1. Arts & Entertainment

Why you must catch up on 'Masters of Sex' and 'You're the Worst'

Lizzy Caplan and Michael Sheen.
Published Sep. 16, 2014

Two of the best shows on TV are also two of the most sexually explicit. Got your attention? Good, because Showtime's Masters of Sex and FX's You're the Worst deserve every bit of it.

On paper, the two couldn't be more different: One's a period drama set in the '50-'60s and based on the lives and work of real-life sex researchers Masters and Johnson; the other is about two relationship-averse people who hook up at a wedding and realize they can't live without each other.

But both shows expertly use sex as a way to explore the inner workings of different relationships: one-night stands, married couples, platonic (then not-so-platonic) scientists.

The two shows are winding down — Worst's first season ends Thursday; Masters' second on Sept. 28 — but it doesn't matter because it's easy to catch up. Both are available on Amazon among other streaming services and, with a cable subscription, through both channels' websites. Here's why it's worth it.

Masters of Sex

On Masters — based on pioneering sex researchers (and eventual lovers) William Masters and Virginia Johnson — sex is literally part of the job, but that doesn't keep the series, and its characters, from using it to its advantage. The show has become exceptional by dramatizing things like sexual dysfunction, homosexuality, female orgasms — revolutionary concepts in the '50s, and things we still don't see explored often enough on TV. Everyone on the show, from Masters himself to his prim wife Libby to esteemed university provost Barton Scully, has to confront their own sexual experiences in ways that profoundly change them.

Masters has found the perfect vessels for such material in stars Michael Sheen and Lizzy Caplan, whose on-screen relationship crackles in all the right places. The knockout third episode of this season, "Fight," basically a two-person play in a hotel room, proved why they're one of TV's most riveting partnerships.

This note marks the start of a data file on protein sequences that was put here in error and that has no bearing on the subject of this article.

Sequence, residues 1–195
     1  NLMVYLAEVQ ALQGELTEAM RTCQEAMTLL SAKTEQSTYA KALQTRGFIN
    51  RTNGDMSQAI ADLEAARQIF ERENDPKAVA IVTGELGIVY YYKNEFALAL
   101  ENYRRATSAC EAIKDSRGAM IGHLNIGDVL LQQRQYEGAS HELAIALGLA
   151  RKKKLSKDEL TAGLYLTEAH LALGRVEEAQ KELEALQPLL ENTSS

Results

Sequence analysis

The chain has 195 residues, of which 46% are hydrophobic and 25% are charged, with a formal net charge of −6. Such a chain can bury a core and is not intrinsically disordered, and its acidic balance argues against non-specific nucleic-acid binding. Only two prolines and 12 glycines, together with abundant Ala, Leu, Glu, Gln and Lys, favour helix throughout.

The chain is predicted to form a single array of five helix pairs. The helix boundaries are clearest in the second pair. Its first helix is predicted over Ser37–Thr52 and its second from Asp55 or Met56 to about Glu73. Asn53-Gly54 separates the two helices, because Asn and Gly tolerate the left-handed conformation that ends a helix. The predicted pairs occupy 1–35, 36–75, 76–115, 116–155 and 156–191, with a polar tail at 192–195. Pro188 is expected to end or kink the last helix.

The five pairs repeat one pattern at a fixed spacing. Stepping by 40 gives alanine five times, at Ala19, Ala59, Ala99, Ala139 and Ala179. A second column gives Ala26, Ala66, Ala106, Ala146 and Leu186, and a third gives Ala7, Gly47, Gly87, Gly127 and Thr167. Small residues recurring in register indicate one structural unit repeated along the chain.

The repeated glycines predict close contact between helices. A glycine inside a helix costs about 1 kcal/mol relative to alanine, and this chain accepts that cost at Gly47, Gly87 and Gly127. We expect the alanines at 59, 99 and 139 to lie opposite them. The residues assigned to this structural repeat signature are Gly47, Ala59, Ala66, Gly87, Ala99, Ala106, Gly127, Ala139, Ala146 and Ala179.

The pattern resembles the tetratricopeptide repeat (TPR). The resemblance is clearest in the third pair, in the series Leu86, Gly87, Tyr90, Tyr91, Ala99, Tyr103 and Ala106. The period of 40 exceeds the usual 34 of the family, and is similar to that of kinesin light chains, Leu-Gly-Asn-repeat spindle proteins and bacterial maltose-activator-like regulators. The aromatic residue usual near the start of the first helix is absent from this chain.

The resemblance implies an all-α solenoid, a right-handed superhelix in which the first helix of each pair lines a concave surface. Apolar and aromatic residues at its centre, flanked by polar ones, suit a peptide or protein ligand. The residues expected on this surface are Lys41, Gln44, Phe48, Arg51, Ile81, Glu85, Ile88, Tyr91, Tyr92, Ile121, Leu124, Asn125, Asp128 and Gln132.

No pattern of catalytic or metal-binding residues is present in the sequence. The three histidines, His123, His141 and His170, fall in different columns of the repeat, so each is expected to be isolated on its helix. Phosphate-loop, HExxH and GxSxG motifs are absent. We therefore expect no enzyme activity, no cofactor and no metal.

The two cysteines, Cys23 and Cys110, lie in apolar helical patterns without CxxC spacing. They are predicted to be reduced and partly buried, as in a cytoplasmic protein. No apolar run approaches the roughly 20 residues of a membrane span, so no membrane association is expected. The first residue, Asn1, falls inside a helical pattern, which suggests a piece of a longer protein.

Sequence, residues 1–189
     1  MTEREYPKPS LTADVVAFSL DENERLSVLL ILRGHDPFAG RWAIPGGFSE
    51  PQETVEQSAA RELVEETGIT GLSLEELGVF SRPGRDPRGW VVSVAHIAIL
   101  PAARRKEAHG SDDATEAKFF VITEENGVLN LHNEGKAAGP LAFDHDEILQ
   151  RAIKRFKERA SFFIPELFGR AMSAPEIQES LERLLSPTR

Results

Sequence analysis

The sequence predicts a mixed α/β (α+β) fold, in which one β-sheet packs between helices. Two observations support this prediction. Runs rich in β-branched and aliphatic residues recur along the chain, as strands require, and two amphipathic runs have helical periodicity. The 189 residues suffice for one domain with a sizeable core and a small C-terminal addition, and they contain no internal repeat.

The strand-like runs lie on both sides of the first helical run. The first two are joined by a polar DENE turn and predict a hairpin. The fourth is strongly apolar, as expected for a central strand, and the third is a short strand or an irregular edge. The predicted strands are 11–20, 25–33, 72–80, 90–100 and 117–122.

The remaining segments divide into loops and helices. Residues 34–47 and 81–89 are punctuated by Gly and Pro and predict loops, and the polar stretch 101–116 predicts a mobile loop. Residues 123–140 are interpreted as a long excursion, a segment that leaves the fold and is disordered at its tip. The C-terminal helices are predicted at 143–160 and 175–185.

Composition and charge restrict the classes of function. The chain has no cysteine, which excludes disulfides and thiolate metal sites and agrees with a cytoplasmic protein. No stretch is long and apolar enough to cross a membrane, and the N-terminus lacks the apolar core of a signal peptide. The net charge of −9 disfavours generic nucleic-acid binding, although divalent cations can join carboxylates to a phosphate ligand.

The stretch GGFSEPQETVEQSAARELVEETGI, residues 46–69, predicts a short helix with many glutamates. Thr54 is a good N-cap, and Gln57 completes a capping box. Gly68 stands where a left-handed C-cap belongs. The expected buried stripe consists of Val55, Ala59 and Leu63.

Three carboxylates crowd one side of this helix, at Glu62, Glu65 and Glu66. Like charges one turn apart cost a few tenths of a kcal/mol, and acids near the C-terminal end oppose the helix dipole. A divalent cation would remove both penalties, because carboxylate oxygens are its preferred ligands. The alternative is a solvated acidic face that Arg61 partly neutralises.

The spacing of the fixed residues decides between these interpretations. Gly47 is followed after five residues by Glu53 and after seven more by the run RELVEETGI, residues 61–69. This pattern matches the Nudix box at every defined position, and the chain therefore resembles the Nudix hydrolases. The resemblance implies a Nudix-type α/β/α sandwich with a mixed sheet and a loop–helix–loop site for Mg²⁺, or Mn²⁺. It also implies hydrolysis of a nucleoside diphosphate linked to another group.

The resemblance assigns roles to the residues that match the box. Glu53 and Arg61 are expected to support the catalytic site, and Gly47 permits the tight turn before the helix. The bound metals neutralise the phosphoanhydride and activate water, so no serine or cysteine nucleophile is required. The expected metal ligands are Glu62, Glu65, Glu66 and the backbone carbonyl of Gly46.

Sheen as Masters is a force of nature. The performance is so exquisitely modulated and often minimalist that it's easy to overlook just how impressive it is. Sheen, a veteran of movies and the stage, can do more with a barely visible quiver of his lip than other people can do with their whole body. He wears the layered character of Masters — a stubborn, withdrawn man who's also a revolutionary mind for his time — like an extra skin.

Caplan is giving the performance of her career as Masters' partner (in more ways than one). You might recognize her, barely, from Starz's Party Down, or as Lindsay Lohan's goth friend in Mean Girls. But no role has ever given her so much to sink her teeth into, and she gives Virginia a verve that is palpable while also selling the complexity of being a divorced single mother in the '50s who's sleeping with her mentor/boss.

You're the Worst

You're the Worst is bolstered by two unknowns, Aya Cash and British actor Chris Geere. They play downright nasty people, narcissists and anti-romantics who decide after a fun night to give the relationship thing a go with each other. Miraculously, they manage to turn these characters into compelling onscreen presences. It's a pleasure to spend time with this show.

Geere as novelist Jimmy has perfected his curmudgeon character's jaded, above-it-all rants. He goes through life with a permanent middle finger in the air. (Bonus: He gets to use his real accent, something more shows should allow their non-American actors to do.) And Cash, as self-absorbed music publicist Gretchen, won't remain an unknown for long. She is instantly captivating, delivering zingers like Emma Stone's much dirtier cousin. Together, they're very endearing, and, increasingly rare in rom-coms, a hot couple. Their steamy (and, fair warning, very raunchy) first night together moves from sexy to intimate to hilarious in seconds.

You're the Worst is the rare sitcom that feels like it's taking place in the real world. The characters feel like versions of people you could know: A wild woman-turned-unhappy house wife, an affable Iraq war vet struggling with PTSD, a caustic writer whose big break led nowhere.

And none of the relationships are black and white; Worst thrives in that gray area. Creator Stephen Falk, a writer and producer on Jenji Kohan's Orange is the New Black and Weeds, has learned from Kohan how to avoid tired characterizations. Take Kether Donohue's Lindsay, that former party girl stuck with an uber dorky husband. Worst goes to lengths to portray the husband as one of the show's sanest people, someone who deserves better from her. Its refusal to lean into romantic comedy cliches makes Worst fresh and original, a standout compared to the gimmicky comedies debuting this fall.


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